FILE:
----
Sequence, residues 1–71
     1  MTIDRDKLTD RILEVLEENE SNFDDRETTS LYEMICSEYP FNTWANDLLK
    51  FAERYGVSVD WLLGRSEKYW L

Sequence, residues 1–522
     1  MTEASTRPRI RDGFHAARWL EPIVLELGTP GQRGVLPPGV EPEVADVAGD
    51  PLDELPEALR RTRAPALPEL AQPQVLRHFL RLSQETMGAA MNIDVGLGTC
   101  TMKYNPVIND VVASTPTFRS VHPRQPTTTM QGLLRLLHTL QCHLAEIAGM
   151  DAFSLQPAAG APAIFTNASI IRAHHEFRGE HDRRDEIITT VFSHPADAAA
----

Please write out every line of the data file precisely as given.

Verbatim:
Sequence, residues 1–71
     1  MTIDRDKLTD RILEVLEENE SNFDDRETTS LYEMICSEYP FNTWANDLLK
    51  FAERYGVSVD WLLGRSEKYW L

Sequence, residues 1–522
     1  MTEASTRPRI RDGFHAARWL EPIVLELGTP GQRGVLPPGV EPEVADVAGD
    51  PLDELPEALR RTRAPALPEL AQPQVLRHFL RLSQETMGAA MNIDVGLGTC
   101  TMKYNPVIND VVASTPTFRS VHPRQPTTTM QGLLRLLHTL QCHLAEIAGM
   151  DAFSLQPAAG APAIFTNASI IRAHHEFRGE HDRRDEIITT VFSHPADAAA